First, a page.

In addition to the above, the analysis shows that most parastatal bodies do not have two executive directors. According to the Code (2004:18), all boards should have a strong executive management presence with at least two executives as members. It should be pointed out that management structure of parastatal bodies is defined in their respective Acts and none of them require that the organisation should have at least two executive directors. As such, it can be concluded that this concept is no more applicable to the private sector organisations, as directors are also involved in the day to day management of their companies and at time, they are also shareholders in their companies.
5.5 Board Committees
The study also reveals that most parastatal bodies have not yet established a Corporate Governance Committee but some of them have already established an Audit Committee of the Board while the (Code 2004: 28) requires that all organisations should have, as a minimum, an audit committee and a corporate governance committee.
5.6 Awareness of the National Code including the Guidance Notes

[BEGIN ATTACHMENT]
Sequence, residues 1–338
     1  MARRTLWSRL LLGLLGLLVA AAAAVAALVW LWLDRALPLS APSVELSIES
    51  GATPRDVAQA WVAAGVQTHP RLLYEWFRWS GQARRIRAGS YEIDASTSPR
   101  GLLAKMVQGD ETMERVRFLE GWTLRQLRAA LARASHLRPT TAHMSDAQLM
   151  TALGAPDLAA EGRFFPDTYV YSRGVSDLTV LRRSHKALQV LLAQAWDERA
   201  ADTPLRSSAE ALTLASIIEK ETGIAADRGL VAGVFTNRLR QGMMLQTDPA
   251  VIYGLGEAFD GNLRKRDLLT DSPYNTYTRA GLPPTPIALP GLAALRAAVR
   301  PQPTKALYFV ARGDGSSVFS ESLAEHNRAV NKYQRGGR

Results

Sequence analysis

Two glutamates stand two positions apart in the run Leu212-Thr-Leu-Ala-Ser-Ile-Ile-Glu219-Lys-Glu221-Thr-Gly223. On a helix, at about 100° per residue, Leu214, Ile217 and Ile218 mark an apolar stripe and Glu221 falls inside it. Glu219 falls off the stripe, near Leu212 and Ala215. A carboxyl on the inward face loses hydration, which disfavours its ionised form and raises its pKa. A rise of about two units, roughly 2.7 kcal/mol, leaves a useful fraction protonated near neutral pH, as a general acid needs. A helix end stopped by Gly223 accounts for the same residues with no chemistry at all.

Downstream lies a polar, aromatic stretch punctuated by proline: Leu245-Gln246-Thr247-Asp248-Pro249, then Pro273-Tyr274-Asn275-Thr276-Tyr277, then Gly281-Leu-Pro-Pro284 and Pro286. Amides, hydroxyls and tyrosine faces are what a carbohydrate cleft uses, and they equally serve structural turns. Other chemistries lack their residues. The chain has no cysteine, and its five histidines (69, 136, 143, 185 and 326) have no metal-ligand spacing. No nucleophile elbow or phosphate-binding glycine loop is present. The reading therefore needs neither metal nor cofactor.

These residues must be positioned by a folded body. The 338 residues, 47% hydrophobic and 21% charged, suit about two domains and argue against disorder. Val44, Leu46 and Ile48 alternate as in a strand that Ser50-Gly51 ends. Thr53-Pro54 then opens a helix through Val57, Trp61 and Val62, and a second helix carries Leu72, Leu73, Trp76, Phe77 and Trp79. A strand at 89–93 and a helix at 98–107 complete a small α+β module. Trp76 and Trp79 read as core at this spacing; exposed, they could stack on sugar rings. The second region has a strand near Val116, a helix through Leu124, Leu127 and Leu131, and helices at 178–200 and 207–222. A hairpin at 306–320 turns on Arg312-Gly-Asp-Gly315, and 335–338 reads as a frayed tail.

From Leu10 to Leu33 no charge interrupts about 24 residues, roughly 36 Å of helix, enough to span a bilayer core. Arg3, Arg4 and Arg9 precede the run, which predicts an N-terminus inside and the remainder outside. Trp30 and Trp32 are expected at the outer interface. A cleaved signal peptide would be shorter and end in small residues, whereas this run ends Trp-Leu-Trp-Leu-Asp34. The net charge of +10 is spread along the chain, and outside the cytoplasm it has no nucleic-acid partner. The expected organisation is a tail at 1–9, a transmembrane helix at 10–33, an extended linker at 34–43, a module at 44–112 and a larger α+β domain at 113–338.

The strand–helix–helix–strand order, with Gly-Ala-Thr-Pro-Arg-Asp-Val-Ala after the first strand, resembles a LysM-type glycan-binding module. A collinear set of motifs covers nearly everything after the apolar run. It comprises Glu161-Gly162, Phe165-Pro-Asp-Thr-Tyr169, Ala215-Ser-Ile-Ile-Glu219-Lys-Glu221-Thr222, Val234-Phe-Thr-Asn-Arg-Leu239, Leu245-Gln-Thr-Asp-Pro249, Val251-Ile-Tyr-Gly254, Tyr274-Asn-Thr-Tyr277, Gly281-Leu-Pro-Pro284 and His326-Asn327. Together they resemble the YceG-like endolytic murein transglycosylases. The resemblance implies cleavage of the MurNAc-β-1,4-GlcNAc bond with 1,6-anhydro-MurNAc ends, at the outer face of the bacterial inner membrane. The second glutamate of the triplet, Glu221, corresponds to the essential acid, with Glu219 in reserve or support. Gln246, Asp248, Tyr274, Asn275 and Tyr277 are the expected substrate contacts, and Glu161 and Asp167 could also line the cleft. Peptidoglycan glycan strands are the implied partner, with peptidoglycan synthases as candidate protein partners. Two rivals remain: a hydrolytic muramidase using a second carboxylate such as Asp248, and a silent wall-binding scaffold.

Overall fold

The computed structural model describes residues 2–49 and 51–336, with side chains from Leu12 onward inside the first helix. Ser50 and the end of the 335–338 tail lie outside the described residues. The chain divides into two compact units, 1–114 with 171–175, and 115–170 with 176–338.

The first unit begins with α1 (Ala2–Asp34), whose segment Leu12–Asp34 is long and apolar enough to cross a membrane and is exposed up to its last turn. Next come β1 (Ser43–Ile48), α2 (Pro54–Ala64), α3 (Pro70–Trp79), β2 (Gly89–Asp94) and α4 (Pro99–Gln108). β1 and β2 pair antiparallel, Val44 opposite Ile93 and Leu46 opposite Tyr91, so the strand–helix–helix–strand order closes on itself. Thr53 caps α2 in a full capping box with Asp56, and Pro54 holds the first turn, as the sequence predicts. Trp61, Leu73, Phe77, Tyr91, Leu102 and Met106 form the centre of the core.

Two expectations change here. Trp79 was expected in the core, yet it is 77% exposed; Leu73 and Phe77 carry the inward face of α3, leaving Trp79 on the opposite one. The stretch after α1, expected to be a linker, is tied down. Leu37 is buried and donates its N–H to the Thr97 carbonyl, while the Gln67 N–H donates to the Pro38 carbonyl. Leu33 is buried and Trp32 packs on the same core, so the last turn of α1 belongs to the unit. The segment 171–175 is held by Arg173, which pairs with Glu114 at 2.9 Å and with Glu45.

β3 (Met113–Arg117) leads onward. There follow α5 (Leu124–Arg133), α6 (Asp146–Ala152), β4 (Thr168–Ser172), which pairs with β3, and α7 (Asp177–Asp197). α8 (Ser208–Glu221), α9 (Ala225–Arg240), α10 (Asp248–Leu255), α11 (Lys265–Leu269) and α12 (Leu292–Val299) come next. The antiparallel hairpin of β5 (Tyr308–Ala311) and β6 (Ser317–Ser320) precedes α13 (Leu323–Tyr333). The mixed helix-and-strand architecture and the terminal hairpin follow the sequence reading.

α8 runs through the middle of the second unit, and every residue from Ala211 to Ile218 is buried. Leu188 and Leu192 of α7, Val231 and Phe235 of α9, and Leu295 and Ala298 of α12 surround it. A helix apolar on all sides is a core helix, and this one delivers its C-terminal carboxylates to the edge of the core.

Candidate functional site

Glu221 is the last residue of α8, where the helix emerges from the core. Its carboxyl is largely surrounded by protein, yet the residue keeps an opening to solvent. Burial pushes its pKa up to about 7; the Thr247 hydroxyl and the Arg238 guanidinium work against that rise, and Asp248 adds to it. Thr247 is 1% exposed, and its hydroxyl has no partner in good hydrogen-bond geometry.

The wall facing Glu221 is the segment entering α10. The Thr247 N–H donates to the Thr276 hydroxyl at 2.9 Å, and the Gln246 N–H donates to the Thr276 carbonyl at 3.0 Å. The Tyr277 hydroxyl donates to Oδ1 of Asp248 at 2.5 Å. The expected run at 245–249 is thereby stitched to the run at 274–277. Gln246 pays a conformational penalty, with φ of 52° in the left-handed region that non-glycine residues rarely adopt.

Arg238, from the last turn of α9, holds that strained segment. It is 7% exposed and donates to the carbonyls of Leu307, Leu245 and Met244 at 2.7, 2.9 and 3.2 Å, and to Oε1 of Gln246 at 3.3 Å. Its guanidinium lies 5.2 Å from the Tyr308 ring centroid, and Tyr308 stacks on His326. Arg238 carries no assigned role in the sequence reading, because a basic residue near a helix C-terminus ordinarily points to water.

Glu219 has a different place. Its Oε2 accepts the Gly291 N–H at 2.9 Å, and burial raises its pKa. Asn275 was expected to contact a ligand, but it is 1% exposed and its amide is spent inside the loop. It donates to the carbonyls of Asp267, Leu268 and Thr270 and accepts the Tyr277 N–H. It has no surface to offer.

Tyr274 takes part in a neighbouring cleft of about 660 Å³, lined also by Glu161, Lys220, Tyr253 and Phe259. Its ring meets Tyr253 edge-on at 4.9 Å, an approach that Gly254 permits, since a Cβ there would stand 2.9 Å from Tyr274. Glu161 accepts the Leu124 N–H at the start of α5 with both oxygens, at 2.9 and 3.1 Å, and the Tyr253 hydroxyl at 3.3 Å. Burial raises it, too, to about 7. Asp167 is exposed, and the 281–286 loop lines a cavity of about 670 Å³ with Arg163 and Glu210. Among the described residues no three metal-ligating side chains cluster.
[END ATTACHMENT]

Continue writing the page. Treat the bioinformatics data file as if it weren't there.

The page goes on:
Another important point that has come out from the analysis is that respondents are not fully conversant with the National Code of Corporate Governance (2004) including the Guidance Notes on Corporate Governance for State Owned Enterprises (2006). In addition, it is found out that the Code has not been fully implemented in all parastatal bodies. As regards planning its continuity and succession, it has been found that respondents have given a poor rating to this issue. This is explained by the fact that the composition of the Board has been codified in the respective legislation. Most of the board members are public officials who rotate between ministries and when they are transferred to other ministries, they are replaced by their colleagues to act as the official representative of the ministry. Another point is a few board members are nominees (member of the public) of the respective Minister and in case there is change in government, the new Minister will appoint his/her own nominees. As such all these factors do not ensure continuity of the Board and as such succession planning is made difficult in parasatatal bodies.
5.7 Positive Findings
Overall, it is noted that positive responses have been given to the need for the Chairperson of the Audit Committee to be an independent non-executive director (Code 2004:29), the need for directors to avoid conflict of interests (Code 2004:20), timely publication of Annual Reports (Code 2004:41), attendance at Board meeting (as per respective Act), etc. However, the analysis shows that the views expressed by the respondents are the same in all the sectors in which the organisations operate. In addition, variables such as the size of the Board, the age of the organisation, position of the respondents in their organisations, the sector in which they are operating, size of the organisations, are not factors which have a bearing on the responses received from the respondents.